Game Development Reference
In-Depth Information
prefer to transition scenes within a second or less, or avoid them altogether if it
fits the situation.
What you should certainly try to avoid is picking random transitions when re-
placing scenes. Players don't care, and game developers know you just got a
little over-excited by how cool the transitions are. If you don't know which
transition is right for a particular change of scene, don't use any at all. In other
words, just because you can doesn't mean you should.
Transitions add only one more line of code to replacing a scene, although admittedly
that one line can be a long one, given how long the names of transitions are and how
they get even longer with the number of parameters they often require. Here's the very
popular fade transition as an example; it fades to white in one second:
// initialize a transition scene with the scene we'd like to display next
CCTransitionFade* tran = [CCTransitionFade transitionWithDuration:1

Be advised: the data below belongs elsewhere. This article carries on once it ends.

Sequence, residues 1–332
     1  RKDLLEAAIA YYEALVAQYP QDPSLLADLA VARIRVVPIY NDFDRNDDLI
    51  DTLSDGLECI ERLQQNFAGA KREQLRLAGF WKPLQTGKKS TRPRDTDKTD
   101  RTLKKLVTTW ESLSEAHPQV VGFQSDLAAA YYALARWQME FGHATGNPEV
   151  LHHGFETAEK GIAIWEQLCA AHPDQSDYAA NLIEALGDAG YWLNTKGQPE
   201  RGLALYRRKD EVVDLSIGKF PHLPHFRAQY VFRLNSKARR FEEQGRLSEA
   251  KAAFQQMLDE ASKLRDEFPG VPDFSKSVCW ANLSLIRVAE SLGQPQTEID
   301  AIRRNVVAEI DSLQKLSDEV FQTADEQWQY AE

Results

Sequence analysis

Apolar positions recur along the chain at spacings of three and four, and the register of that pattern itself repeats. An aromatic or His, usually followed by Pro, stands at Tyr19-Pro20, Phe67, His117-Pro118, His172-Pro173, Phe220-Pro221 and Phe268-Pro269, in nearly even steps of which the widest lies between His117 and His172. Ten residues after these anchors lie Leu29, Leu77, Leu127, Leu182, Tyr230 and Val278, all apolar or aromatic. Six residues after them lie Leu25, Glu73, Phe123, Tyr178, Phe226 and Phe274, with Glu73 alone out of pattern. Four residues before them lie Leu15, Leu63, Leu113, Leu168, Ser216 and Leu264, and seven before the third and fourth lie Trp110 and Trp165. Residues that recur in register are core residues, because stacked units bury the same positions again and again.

scene:[HelloWorld scene]
withColor:ccWHITE];
// use the transition scene object instead of HelloWorld
[[CCDirector sharedDirector] replaceScene:tran];
You can use a CCTransitionScene with replaceScene and pushScene , but
as I said earlier, you can't use a transition with popScene (at least not at this
time—this may be improved in a future version of cocos2d).
A variety of transitions are available, although most are variations of directions—as in,
where the transition moves to or from which side it starts. Here's a list of the currently
available transitions, along with a short description for each:
CCTransitionFade : Fades to a specific color and back. There's also
the CCTransitionCrossFade variation.
CCTransitionFadeTR (three more variations): Tiles flip over to re-
veal a new scene.
CCTransitionJumpZoom : Scene bounces and gets smaller; new scene
does the reverse.
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